Tuesday, July 23, 2013

Go For A Walk

If you are standing around getting frustrated waiting for the wheat to dry and need a diversion, take a walk in your soybean field.  Brian came in this morning and alerted me to increasing soybean aphid numbers. He is right, we need to watch this situation.
Look at the newest developing trifoliate. This is where they start because the youngest leaves are the juiciest.
Soybean aphids are born pregnant and can multiply rapidly.  Brian has already sprayed a couple of fields this year that got out of hand.  This is what the plants looked like before he sprayed.
The reason aphid numbers were so high was due to this grower not using any Cruiser seed treatment. Cruiser is extremely effective at controlling early infestations of aphids. The insecticide effect of Cruiser has now worn off.  Reports of aphids infecting treated soybeans are starting to come in.  Check different areas in the field.  Aphids will accumulate in "hot spots".  If you locate aphids come back to the same spot in 2-3 days.  If the numbers are increasing, pay close attention.  The threshold for spraying is 250 aphids per plant AND increasing numbers.  A terrific tool for helping determine whether you need to spray or not is a smartphone app that can be downloaded free from http://www.aphidapp.com/

Monday, July 15, 2013

Emotional Rescue

Last Thursday Brian and I spent the day walking on top of, instead of through, corn fields like this one. Strong winds from Wednesday's storm blew down corn from just west of Rannoch through St Marys and followed a path across Embro, Hickson and Innerkip.  Hail was mostly confined to the town of St Marys causing more damage to vehicles sitting outside than to field crops, so we were spared that particular problem. The wind however left many magnificent fields laying in ruins.  By the end of the day we were both in need of some emotional rescue.  It had been a depressing day.
By Monday morning the same spot in the field pictured at the top looked like this.  Recovery was dramatic. There is still some goose necking and a few plants snapped off, but compared to last Thursday you would not believe it was the same field.
One clue that the plant had been on the ground is the mud caked on the top leaves.  The impact on yield will not be as large as it first appeared.  A summary of a two year trial looking at the effect of wind lodging vs stage of development can be found at this link.


The fact that the corn plants are in the vegetative growth stage of development is the reason for the quick recovery.  Last Wednesday a lot of corn was in the V8-V10 stage of growth.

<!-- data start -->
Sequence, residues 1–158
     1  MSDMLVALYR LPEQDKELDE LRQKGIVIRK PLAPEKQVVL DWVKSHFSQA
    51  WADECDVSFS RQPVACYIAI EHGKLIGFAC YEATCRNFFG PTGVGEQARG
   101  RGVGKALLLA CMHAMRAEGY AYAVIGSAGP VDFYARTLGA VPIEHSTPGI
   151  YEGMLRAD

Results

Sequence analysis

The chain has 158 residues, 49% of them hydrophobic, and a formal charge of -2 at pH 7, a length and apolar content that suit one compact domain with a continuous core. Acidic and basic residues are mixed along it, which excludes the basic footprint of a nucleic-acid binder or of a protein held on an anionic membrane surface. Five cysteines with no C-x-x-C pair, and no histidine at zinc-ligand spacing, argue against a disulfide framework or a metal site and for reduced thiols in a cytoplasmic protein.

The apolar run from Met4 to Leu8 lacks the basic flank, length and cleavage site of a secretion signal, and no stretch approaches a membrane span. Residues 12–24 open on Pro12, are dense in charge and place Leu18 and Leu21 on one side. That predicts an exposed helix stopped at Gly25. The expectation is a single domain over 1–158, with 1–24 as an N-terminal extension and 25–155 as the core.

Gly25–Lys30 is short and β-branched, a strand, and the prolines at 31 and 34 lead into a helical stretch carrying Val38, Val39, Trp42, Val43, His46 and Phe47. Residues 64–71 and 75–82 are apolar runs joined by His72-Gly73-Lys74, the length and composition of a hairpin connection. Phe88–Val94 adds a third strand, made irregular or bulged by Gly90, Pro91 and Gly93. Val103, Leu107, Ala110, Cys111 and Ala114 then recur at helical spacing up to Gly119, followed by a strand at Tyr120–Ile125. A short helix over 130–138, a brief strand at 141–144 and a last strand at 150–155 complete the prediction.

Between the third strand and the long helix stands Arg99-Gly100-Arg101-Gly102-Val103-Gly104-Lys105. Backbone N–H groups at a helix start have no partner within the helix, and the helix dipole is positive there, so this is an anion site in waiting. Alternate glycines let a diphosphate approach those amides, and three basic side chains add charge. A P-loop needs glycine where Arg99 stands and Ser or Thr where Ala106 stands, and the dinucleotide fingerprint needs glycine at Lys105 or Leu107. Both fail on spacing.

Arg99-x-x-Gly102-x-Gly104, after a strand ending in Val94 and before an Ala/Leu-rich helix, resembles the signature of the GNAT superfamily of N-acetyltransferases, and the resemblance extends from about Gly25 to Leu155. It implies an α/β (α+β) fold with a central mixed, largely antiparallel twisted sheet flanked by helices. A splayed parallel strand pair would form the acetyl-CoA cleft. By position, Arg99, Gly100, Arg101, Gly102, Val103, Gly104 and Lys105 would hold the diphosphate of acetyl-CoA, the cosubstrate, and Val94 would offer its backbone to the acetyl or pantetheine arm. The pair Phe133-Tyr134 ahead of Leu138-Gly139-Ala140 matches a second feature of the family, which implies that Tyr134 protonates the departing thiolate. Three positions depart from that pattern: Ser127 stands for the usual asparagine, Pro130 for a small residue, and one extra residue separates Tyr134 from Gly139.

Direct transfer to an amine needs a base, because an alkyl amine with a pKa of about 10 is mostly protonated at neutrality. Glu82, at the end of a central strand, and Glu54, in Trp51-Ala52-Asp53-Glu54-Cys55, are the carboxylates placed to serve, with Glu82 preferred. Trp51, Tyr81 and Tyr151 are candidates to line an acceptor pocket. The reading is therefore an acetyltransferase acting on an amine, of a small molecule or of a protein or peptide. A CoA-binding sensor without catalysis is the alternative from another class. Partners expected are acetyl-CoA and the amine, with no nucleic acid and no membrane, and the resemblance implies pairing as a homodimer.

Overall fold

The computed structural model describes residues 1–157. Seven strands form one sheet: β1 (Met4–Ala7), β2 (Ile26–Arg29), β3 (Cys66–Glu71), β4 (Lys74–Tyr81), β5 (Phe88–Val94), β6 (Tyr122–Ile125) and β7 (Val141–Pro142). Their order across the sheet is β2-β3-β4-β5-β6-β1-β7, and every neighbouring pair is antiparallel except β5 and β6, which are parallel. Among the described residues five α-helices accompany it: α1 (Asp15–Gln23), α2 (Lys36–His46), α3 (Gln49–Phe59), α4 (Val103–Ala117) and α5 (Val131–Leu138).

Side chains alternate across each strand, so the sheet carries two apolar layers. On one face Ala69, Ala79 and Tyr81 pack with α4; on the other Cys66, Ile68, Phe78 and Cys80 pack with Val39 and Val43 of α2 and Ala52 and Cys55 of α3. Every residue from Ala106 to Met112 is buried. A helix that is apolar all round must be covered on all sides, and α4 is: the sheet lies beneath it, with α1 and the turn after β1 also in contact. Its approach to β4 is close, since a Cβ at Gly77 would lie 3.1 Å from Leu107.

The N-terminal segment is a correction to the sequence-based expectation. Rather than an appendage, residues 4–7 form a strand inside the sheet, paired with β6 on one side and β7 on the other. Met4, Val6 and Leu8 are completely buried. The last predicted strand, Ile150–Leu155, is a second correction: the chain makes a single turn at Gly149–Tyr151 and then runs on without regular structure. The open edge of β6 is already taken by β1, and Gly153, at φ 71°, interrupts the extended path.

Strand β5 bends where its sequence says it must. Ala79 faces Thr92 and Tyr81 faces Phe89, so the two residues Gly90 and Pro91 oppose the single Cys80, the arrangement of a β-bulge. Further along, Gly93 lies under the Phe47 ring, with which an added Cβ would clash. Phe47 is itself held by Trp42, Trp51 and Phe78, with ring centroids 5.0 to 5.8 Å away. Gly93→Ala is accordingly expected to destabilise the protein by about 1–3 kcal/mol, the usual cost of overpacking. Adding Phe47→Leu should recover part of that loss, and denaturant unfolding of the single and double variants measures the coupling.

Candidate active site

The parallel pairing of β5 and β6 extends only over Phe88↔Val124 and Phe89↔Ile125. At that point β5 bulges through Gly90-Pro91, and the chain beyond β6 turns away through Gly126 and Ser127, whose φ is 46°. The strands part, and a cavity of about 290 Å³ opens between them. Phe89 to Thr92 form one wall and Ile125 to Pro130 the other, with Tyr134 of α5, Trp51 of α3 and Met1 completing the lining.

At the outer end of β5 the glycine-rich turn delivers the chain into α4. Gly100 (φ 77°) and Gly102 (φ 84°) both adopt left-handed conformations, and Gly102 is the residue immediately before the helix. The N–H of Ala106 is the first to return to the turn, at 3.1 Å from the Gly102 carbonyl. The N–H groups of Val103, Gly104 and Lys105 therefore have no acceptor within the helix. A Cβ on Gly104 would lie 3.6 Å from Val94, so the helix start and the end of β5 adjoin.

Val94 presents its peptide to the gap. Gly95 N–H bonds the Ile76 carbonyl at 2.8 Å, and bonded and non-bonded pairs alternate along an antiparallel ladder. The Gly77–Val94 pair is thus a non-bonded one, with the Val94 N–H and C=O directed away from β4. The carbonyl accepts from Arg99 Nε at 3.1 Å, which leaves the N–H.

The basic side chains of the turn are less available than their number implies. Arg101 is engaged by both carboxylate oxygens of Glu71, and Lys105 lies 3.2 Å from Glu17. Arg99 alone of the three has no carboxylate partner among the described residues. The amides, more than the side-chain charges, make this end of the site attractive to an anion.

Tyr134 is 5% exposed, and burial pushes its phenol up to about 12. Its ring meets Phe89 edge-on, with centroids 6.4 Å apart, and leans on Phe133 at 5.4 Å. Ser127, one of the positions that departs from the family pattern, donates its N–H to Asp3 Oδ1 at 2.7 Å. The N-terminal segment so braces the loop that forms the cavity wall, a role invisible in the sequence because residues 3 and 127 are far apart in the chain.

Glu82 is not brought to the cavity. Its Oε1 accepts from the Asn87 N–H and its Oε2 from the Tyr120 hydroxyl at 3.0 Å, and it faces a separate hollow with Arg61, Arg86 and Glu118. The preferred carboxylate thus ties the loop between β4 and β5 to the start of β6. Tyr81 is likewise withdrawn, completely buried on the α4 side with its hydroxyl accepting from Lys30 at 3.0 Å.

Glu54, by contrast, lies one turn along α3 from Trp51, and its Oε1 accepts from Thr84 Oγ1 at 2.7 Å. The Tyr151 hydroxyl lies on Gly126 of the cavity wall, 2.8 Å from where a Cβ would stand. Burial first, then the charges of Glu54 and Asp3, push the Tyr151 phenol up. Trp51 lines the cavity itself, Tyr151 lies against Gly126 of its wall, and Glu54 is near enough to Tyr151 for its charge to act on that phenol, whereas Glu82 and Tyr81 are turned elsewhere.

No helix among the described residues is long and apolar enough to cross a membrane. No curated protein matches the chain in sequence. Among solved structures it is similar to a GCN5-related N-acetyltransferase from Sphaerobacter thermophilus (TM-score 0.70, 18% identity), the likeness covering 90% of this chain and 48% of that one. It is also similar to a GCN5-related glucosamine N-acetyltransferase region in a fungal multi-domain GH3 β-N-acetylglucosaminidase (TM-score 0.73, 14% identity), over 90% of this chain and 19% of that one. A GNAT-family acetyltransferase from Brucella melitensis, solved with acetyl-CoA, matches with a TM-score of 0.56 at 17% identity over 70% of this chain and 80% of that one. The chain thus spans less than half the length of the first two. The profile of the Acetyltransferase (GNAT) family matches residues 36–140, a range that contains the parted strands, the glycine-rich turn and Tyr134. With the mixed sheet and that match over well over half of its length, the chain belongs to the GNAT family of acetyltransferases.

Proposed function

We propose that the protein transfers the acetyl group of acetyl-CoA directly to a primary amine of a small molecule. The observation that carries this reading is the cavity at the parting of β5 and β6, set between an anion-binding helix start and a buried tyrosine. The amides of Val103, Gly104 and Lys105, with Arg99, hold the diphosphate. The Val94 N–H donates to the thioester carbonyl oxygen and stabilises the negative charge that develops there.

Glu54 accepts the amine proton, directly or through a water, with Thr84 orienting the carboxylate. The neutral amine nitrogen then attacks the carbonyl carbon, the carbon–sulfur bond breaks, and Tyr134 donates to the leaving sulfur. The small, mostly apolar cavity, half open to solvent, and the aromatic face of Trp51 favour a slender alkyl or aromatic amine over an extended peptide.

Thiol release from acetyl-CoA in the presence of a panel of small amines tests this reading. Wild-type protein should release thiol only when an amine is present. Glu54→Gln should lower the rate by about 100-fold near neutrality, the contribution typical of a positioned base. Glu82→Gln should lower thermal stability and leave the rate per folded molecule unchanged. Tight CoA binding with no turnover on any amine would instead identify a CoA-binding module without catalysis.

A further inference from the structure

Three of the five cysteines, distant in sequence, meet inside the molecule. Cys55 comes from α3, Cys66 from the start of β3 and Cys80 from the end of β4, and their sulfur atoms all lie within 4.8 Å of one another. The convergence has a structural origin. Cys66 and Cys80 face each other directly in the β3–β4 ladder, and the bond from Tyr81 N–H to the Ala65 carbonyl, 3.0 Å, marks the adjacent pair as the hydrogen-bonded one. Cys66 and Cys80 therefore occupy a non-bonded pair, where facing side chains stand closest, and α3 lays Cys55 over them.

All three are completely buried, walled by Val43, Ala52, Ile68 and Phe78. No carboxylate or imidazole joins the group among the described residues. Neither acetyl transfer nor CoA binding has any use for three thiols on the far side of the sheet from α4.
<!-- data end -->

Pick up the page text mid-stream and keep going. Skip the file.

A V10 corn plant looks like the plants above.  V10 just means there are 10 visual leaf collars.  A leaf collar is formed when the leaf is fully developed.  You have to remember to account for the bottom leaves that are no longer there because they were lost in the May 25-26 frost.
A V10 corn plant will have 12-13 leaves visible and 9-10 leaf collars.  A mature corn plant has 15-16 leaves.  If you carefully pull the plant apart you will find the rest of the leaves and tassel rolled up inside the whorl.
This V10 plant still has to push out three more leaves plus the tassel.  At his time of year you can expect a new leaf to emerge every three days.  3 leaves x 3 days is 9 days plus two more days for the tassel to fully emerge equals a total of 11 days of vegetative growth.  These 11 days give the plant time to recover from the wind damage, grow more roots, stretch upward to the sun and prepare for pollination.  This is why the actual yield loss from the wind damage will probably be less than 5%.  After tassel and pollination is complete the corn plant diverts all of its energy to grain development and yield losses due to storm damage increase dramatically.

Since we are talking plant physiology we should point out one more thing.  Ear shoots are visible in a V10 corn plant.  Carefully removing the leaves reveals ear shoot formation occurring at each node.  There is one dominant shoot that takes priority over the rest, but the plant prepares for the future by generating 4-5 ear shoots and if the environment allows it then has the ability to produce multiple ears.

This is a close up of the largest and most dominant ear shoot.  You can make out the beginnings of the new ear in the centre of the shoot.  Silks from the ear shoot will begin to emerge slightly ahead of the tassel emerging.  Every year the question is asked about why silks emerge ahead of the tassel.  It is normal and healthy for silks to emerge first because a corn silk will remain receptive to pollen much longer than a pollen grain can live.  A corn plant generates pollen for about 5-7 days and the plant starts extending the silks slightly ahead of the tassel to match the timing of maximum silk availability with maximum pollen shed.